Build or Buy? Are Custom Applications Worth It?
As small businesses become more and more tech savvy and as their needs grow, an often-asked question is whether to build or buy software. Are custom applications worth the cost and time spent in development? Or is it better to buy off the rack?
The answer to the buy or build dilemma may be yes -- to both. This is according to Matt Holtle, a vice president with Gartner, the Stamford, Conn. research group. In the long run, this question becomes roughly immaterial because many companies will be doing a bit of building and buying, he says. "Composite applications," says Hotle, "are the wave of the future."
Right now, here are some factors to consider when making the software call for your business:
How does it stack up
If you can find off-the-shelf functionality that meets 80 percent to 100 percent of your business process needs, then you should buy the software, Hotle says. "The problem is that when most people buy functionality externally it doesn't meet their needs and then they customize the heck out of it," he says.
People will often say that they buy, says Mike Gilpin, research director at Forrester Research, of Cambridge, Mass., but that may not be entirely true. The buyers will make the purchase and find that it only satisfies about 50 percent of their needs. So, then they buy and find themselves doing a surprising amount of development, as Hotle says. There's a lot of blending. Even if you buy there may be some tinkering involved. "Delivering applications to customers is no longer the model of a product showing up on the customer's desk and never getting changed," says Gilpin. The sellers have embraced service. The timing couldn't be better, he says, because the buyers want to be in control of the architecture.
Look at your industry
Hotle points out that in healthcare and insurance, for example, certain business processes, such as back-office functions, are common enough so that vendors offering software solutions can meet the majority of a buyer's needs with commercially available products.
That's why it's key to understand your business requirements. If you're going to buy software, make sure you're buying something that fits. "Ultimately, the customer should have a good idea of what they need to achieve," says Sanjay Murthi, president of SMGlobal Inc, an Apex, N.C. maintenance management software vendor.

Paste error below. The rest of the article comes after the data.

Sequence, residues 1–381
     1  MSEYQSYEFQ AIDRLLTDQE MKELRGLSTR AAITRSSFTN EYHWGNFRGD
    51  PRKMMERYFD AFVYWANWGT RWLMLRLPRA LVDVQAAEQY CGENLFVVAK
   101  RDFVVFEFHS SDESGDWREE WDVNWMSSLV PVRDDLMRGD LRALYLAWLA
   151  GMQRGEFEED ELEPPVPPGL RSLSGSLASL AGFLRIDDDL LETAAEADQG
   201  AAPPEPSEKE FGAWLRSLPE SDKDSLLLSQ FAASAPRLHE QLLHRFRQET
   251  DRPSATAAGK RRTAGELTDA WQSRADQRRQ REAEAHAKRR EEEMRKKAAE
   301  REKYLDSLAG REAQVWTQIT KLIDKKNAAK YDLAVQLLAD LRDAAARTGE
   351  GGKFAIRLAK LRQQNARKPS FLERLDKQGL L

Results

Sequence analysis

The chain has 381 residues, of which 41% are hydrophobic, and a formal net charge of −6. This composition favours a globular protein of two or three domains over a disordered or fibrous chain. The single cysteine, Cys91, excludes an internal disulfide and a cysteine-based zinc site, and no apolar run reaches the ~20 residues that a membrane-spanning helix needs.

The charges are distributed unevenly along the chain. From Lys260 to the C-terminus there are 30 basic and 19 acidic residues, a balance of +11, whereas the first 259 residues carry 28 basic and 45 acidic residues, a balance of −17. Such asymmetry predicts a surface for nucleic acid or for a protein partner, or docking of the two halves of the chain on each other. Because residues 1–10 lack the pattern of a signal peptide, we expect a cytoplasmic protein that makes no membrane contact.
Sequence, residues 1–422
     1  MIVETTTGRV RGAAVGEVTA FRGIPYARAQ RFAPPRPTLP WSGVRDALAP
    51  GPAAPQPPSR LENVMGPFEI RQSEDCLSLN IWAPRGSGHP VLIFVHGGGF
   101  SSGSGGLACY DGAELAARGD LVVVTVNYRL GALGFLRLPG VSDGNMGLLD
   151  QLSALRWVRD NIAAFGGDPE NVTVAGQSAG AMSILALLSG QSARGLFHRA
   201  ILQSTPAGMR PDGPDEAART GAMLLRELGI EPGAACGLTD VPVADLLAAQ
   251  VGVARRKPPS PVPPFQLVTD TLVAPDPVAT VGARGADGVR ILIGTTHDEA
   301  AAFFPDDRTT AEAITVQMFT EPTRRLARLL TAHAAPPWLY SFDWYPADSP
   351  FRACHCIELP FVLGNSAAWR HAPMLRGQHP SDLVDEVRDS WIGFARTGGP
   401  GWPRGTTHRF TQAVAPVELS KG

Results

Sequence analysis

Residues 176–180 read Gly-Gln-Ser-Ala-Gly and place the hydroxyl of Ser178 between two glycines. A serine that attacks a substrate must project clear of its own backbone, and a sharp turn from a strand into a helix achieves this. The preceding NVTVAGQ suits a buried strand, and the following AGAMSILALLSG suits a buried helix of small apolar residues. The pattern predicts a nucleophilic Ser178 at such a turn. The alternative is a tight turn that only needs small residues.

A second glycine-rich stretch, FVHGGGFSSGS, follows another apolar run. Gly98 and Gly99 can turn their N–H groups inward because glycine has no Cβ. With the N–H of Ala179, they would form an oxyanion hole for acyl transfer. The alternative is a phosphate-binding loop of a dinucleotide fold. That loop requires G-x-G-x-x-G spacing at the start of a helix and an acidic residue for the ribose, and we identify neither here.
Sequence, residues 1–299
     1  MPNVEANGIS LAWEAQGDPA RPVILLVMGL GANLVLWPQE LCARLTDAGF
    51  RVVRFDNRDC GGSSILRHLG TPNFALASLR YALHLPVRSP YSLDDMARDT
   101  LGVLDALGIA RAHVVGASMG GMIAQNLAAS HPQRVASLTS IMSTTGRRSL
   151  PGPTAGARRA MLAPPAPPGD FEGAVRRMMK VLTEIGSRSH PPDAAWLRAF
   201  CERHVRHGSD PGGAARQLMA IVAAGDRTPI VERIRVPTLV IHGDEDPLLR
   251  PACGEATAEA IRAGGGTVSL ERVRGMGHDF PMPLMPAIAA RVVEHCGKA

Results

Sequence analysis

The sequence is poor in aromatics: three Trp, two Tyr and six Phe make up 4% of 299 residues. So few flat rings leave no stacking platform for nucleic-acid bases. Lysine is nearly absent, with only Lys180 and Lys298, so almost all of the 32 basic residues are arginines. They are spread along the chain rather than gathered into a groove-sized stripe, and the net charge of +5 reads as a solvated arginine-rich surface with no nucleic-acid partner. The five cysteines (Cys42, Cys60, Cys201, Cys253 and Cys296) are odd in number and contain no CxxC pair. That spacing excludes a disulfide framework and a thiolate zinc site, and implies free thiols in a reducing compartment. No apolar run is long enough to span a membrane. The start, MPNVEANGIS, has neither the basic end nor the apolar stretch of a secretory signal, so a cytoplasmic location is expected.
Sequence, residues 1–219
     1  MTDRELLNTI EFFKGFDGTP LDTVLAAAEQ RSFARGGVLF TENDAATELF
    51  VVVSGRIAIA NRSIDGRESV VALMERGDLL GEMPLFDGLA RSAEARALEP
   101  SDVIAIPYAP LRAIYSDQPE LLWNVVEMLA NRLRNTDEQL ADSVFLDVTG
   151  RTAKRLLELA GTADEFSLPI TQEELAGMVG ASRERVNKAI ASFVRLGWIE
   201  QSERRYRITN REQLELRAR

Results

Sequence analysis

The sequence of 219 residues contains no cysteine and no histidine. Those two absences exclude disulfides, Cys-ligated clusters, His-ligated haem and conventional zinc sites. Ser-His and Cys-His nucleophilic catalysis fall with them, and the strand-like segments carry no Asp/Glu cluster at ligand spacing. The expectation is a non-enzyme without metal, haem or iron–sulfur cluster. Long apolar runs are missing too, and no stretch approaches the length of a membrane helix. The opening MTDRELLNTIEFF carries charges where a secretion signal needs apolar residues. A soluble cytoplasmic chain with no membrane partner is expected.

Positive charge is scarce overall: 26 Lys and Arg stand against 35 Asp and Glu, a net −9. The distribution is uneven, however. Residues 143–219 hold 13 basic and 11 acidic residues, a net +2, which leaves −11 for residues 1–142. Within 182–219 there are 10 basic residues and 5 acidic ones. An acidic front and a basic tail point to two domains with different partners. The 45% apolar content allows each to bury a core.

Evaluate the costs
Buying saves you about one-third to one-half the price of a software solution, estimates Hotle. And all the development being done offshore today is leading to a competitive pricing environment that will drive the cost down domestically. However, with off-the-shelf buying there may be costs down the line, including your time. Think about it -- everyone's heard about nightmare software implementation stories, he says.
There are cost factors to consider on the development side, as well. More technology staffers know how to write or retool software these days that custom development may not be such a far-flung idea -- even for a small business. "Every thing is getting cheaper," says Gilpin. "At the same time, development tools getting easier to use and more powerful."
Where is your support system
One thing to consider is that when you build it yourself, help is just one inter-office phone call away. When you buy off the shelf, help means an 800 number which may or may not have someone available to help you or they may charge for tech support.
But, on the flip side, not every company has the IT staff to build a solution and if they do chances are the IT staff may be over-taxed with everyday work. Whatever you choose for your business -- whether to build or buy -- the good news is that the business is likely to get more bang for buck from more sophisticated software. By upgrading to superior software, you are improving your business, increasing your potential to grow revenue and hopefully bettering the experience for your customers.
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